Sunday, 31 August 2008

Week 21, Bodrum, Turkey

Dear Ethel, Family and Friends,

Our week started with the boat delivery. The company we did the bareboat flotilla charter with, asked us if we were interested in delivering a boat back to Marmaris from Orhaniye. The trip is the opposite direction than we did the flotilla trip. We were given a boat called Melisa, a 33 foot Beneteau, slightly bigger than we had before. The trip was fairly uneventful and we had light winds but mostly on the nose so didn’t get the sails up too much. So we motored for 5 hours each day. We stayed overnight at Serce Liman, which is a spot we stayed overnight with the flotilla. There is a boatman that will help you moor up using a lazyline on the bow and a shore line stern, so that we could sleep comfortably and not worry about an anchor. On Tuesday we had better wind as we were able to come back into Marmaris with the sails up on a nice broad reach... beautiful. The mooring back at the marina is a bit tricky as the waterways are very narrow, stacked with luxury yachts and have to reverse back into the spot. Got it on the third go, mission accomplished.

We had a rest day on Wednesday and took off again on Thursday to go to Bodrum. We took a bus into Marmaris and another bus to Bodrum, about a 200km trip. However as you leave Marmaris you climb 800m up to a great plateau where the city of Mulga is situated. It is the capital of the area also called Mulga which includes Marmaris and Bodrum.

We arrived in Bodrum about noon and searched for accommodation. The guide book says be careful where you stay as the nightclubs are very noisy. We found a reasonable hotel and it wasn’t until we looked out from our terrific balcony overlooking the bay that we say the sign for “Halicarnassus, the club”... only the biggest night club in Bodrum, maybe southern Europe. The guide book also tells us it has a laser light show that can be seen from Greece. Well I guess that’s what the double glazing on the windows is for. Louise put in her ear plugs and I think I felt the music rather than heard it.

Bodrum’s history goes way back of course and has a roman amphitheatre and the Mausoleum of Halicarnassus, from 2000 years ago or more, but more recently, (600years ago) has one of the great Crusader castles, The Castle of St Peter. The castle was built by the Knights Templar, using the stone from the Mausoleum of Halicarnassus. It sits in the middle of the harbour and is in excellent repair. It is now a museum of underwater archaeology. It hold some spectacular treasures, the best being the golden chalice (see photo), aprox 3500 years old, resumed from a shipwreck. We spent a full day wandering around the castle and it was well worth the trip.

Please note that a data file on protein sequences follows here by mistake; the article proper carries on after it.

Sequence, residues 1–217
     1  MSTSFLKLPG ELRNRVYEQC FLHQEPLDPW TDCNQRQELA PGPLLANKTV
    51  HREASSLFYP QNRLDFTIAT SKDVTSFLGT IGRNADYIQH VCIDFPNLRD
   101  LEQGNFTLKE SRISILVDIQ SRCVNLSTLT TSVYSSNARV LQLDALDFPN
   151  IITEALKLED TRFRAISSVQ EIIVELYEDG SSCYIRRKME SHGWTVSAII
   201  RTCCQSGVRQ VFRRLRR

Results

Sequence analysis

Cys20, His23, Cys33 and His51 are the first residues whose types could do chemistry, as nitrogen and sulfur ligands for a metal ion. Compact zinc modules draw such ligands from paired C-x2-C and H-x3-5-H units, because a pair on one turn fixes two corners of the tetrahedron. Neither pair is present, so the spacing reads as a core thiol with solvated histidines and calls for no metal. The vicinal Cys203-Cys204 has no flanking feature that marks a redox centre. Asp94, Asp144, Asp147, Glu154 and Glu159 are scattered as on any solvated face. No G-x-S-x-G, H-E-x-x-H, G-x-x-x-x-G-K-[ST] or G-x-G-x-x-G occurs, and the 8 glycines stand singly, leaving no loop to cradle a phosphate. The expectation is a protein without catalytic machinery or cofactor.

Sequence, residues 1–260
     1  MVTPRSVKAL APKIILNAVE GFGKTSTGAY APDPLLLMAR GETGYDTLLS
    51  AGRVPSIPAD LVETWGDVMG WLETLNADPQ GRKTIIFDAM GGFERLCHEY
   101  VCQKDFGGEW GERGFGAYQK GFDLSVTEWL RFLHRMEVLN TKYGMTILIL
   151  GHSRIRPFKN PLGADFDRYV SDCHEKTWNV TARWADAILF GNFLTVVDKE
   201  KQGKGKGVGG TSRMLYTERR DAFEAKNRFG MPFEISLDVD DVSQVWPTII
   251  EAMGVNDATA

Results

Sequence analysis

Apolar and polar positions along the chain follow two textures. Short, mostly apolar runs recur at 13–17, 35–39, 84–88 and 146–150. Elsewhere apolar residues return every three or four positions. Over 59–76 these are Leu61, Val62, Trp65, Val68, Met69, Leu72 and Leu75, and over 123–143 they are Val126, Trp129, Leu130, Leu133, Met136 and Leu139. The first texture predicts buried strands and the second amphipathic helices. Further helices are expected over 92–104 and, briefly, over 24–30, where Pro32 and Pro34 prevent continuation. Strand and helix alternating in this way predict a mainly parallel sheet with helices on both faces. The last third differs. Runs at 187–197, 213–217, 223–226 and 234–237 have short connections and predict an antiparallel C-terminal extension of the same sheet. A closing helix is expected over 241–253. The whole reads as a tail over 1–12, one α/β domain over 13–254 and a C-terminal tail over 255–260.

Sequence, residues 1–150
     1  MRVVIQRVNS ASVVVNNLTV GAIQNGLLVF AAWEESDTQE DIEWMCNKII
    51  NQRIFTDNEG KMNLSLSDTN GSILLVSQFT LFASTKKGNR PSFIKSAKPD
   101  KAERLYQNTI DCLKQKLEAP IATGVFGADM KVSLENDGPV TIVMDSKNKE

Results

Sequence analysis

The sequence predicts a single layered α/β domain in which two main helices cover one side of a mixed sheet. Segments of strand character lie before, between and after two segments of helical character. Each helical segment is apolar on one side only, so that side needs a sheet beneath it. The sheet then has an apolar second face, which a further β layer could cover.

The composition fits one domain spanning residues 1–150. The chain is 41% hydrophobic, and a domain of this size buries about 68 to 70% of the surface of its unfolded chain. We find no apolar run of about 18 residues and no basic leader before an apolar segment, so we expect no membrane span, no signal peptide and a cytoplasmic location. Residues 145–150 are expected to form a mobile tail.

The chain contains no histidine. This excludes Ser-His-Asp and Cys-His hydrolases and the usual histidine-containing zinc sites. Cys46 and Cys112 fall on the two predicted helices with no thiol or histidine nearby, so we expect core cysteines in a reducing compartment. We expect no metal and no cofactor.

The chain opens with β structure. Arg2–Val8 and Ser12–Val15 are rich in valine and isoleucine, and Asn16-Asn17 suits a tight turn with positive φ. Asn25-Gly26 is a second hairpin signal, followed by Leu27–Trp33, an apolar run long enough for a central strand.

Bodrum itself is a large tourist town, offering the usual attractions, Gullet boat tours, Jeep safaris, carpet weavers and more plus the waterside restaurants, pubs, clubs you name it, you can’t walk down the street without people touting for your business. Most are overpriced some display all their prices in Euros or Pounds so it makes it hard work to find a place to eat that won’t rip you off. The Turkish dollar has also gone up, now worth more than the Australian dollar, so we are finding it very expensive.

Next week we are off to Ephesus and Pamukkale and will spend the week travelling there and back to Orhaniye.

All the best for now

Ric & Louise

Sunday, 24 August 2008

Week 20, Simi, Greece

Dear Ethel, Family and Friends,

Well it’s been a bit more exciting this week, still started the week helping out on Terry’s. It’s a bit like a lifestyle TV program where we wonder if Terry will have the boat ready by Friday when his first guests arrive. We were still painting on Tuesday and had to do a sea trial run in the boat before the end of the week. Wednesday we packed an overnight bag and went down to the marina with our passports.

We still had some jobs to finish on the boat before we left Turkey but did get under way about 2pm. We had a great cheer from the spectators in the marina as we left as they have been watching the slow restoration of the boat. It’s only a twelve nautical mile journey and as the wind was against us, motored all the way, and taking 2 and a half hours or so.

Simi is the closest Greek Island to Turkey and has a couple of different ports to arrive in. A lot of the big Gullet boats and flotilla cruises call into the main port of Simi. We chose to anchor in Pedi Bay, which is only a short bus ride away over the hill to Simi town and is also free mooring and no visa or passport checks. This is our first illegal border crossing. It seems an accepted practice with all tour operators in the region, as going through the formal procedures of border crossings is time consuming and costly and not worth the effort or expense for a day trip or overnight stay.

It was nice to be back in Greece again if only for the night. The architecture, scenery is so different and being so close to Turkey. We moored in Pedi Bay in the afternoon swam and had drinks on the foredeck and watched the traffic coming and going until after sunset. We motored ashore in the dinghy at a respectable 9pm for dinner at one of the many restaurants surrounding the bay. We slept on deck that night. The following morning we caught the bus into Simi town to do some shopping and sightseeing. On the journey back to Orhaniye that afternoon we unfurled the big genoa and sailed back into port. Terry’s boat is a big 70 foot wooden boat, it is not fast at all but built for comfort. It has 2 large cabins and a smaller one but all 3 have ensuites, It has a full galley, a comfortable saloon with seating for 8 people, plus the very roomy fore and aft decks. All in all, we had a very pleasant trip to Sumi and we stayed onboard again that night in the marina.

Friday morning I received an email from the Setsail crew, saying they would be back in Orhaniye this weekend and asked if we would be interested in a boat delivery back to Marmaris. It seems we can take the boat on Monday morning and deliver it back to Marmaris on the Tuesday evening, so we can do an overnight stay somewhere on the way. We look forward to telling you about that next week.